The last few months here in California have been too stressful for me to notice any homesickness: between money woes, car woes, and job woes, I just didn't have any extra energy to think all tat hard about how far away I was from everyone I know. Now that I've started the new job (read: yay!), I am finally starting to realize just how lonely it is being 2000 miles away from everyone who loves you.
I've always been a person who enjoys solitude. I'm usually most myself when I'm alone, and I find moments of grace in the quiet afternoon sitting alone in a park or reading on a porch. I like setting my own schedule for things, saying at 3:00 in the afternoon on a Saturday that I'm going to go to the drug store, or for a walk, or showering at 2 in the afternoon. I like not having to consult a committee before making plans.
At the same time, I'm realizing just how seldom I really have been alone in my life, truly alone. One of the only periods I lived alone was my sophomore year in college, and that didn't have such great consequences for me. I guess I've wanted a life of solitude as a kind of exercise in the idea of it, while the practice has me sitting at home most nights watching DVD's on my laptop and going to bed at 8:30.
I really do miss being able to travel 40 minutes to see people, hopping on a bus or train or in a car and going to see friends, having plans every weekend, or just going to the mall with my sister. Now, if I'm shopping, there's no one to turn to and point out something funny, or tragic, or interesting. I can choose whatever movies I want to see, but there's no one to discuss them with on the ride home. I've never been much of a hugger, but I haven't been hugged by anyone in close to three months, and that's given me a whole new appreciation of them.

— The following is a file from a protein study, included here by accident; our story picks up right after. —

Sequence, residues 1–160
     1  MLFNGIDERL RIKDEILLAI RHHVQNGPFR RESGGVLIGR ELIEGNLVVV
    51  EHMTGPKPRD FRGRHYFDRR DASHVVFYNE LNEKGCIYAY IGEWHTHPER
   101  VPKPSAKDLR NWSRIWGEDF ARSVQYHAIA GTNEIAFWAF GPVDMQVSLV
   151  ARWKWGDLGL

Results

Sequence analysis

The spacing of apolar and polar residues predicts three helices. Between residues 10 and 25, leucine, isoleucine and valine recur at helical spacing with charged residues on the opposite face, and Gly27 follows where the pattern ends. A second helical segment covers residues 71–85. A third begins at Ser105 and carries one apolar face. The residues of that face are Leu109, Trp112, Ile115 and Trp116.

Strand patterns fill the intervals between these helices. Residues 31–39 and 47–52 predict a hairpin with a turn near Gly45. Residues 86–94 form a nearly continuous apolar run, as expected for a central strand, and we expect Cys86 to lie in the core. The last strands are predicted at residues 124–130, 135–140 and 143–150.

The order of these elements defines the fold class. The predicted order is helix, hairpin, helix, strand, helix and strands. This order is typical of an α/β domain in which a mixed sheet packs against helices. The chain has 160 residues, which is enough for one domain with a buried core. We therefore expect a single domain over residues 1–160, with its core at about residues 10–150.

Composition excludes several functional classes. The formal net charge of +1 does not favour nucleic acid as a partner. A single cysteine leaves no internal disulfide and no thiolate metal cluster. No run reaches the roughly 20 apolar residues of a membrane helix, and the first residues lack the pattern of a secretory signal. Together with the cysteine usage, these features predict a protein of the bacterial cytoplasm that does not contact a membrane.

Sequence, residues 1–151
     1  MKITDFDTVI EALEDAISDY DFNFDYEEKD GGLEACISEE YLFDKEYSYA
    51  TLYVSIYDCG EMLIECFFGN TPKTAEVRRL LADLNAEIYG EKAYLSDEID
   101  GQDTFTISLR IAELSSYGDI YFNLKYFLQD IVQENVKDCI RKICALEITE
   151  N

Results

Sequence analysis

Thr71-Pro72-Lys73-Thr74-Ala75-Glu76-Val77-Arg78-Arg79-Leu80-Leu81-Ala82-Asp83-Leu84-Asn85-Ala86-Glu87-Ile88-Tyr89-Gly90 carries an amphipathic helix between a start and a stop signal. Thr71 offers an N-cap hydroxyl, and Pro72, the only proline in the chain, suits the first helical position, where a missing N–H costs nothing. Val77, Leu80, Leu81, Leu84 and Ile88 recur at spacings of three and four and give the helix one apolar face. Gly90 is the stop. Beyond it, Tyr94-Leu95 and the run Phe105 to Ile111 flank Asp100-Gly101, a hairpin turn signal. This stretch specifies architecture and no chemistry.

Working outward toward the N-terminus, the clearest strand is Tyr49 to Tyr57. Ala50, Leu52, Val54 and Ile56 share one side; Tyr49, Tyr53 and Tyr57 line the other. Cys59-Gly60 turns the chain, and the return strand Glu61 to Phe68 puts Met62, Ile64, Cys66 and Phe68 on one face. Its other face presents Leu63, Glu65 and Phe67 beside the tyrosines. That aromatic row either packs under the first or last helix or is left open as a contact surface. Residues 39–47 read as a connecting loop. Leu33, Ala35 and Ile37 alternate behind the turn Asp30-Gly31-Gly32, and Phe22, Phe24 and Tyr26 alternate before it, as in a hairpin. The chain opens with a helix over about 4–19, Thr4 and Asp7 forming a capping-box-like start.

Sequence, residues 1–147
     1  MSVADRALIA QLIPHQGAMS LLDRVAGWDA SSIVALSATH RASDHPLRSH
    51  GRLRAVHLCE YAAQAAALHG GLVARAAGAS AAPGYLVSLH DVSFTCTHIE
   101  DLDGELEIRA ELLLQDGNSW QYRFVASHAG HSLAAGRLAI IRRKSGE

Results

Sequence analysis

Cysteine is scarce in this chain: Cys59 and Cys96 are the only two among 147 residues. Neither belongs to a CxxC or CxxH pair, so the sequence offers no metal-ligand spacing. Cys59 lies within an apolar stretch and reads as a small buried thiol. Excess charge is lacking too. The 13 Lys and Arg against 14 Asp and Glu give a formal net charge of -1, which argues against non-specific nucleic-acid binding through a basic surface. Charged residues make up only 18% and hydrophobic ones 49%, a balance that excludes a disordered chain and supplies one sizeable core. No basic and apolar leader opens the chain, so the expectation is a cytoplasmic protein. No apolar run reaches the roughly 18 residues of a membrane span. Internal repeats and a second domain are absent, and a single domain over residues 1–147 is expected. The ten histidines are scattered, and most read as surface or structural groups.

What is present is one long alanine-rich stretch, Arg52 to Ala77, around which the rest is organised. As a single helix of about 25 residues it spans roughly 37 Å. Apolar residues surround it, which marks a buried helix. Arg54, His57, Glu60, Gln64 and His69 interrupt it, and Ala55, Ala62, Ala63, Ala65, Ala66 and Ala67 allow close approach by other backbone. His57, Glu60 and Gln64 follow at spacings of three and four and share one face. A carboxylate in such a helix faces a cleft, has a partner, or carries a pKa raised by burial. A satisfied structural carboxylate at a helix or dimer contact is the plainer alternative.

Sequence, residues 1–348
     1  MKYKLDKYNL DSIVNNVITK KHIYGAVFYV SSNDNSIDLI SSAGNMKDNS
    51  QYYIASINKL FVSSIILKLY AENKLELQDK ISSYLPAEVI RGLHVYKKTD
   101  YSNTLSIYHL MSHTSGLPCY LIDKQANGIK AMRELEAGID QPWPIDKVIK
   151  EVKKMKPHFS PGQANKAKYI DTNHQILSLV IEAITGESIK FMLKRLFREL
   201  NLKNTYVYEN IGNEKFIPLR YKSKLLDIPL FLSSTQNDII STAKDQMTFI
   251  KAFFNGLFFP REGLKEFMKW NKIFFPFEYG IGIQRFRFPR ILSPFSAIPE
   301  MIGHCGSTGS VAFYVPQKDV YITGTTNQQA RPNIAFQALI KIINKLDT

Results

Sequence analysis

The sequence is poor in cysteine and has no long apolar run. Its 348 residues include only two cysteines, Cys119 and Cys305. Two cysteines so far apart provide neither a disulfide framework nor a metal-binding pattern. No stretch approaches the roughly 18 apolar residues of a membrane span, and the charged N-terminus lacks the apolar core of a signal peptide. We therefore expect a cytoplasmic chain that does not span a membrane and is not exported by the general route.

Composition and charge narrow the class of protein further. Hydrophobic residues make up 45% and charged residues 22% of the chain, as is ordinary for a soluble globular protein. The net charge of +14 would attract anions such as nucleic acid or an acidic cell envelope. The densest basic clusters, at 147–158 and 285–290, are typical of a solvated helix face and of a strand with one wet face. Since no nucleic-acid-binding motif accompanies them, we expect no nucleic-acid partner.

I know eventually I'll start making friends out here, but truthfully, I've never made friends easily. I think it'll be a long time before I have people to go places with, so I'm going to have to adjust my thinking and get used to the solitude.
It's not really a bad thing, it's just not all it's cracked up to be.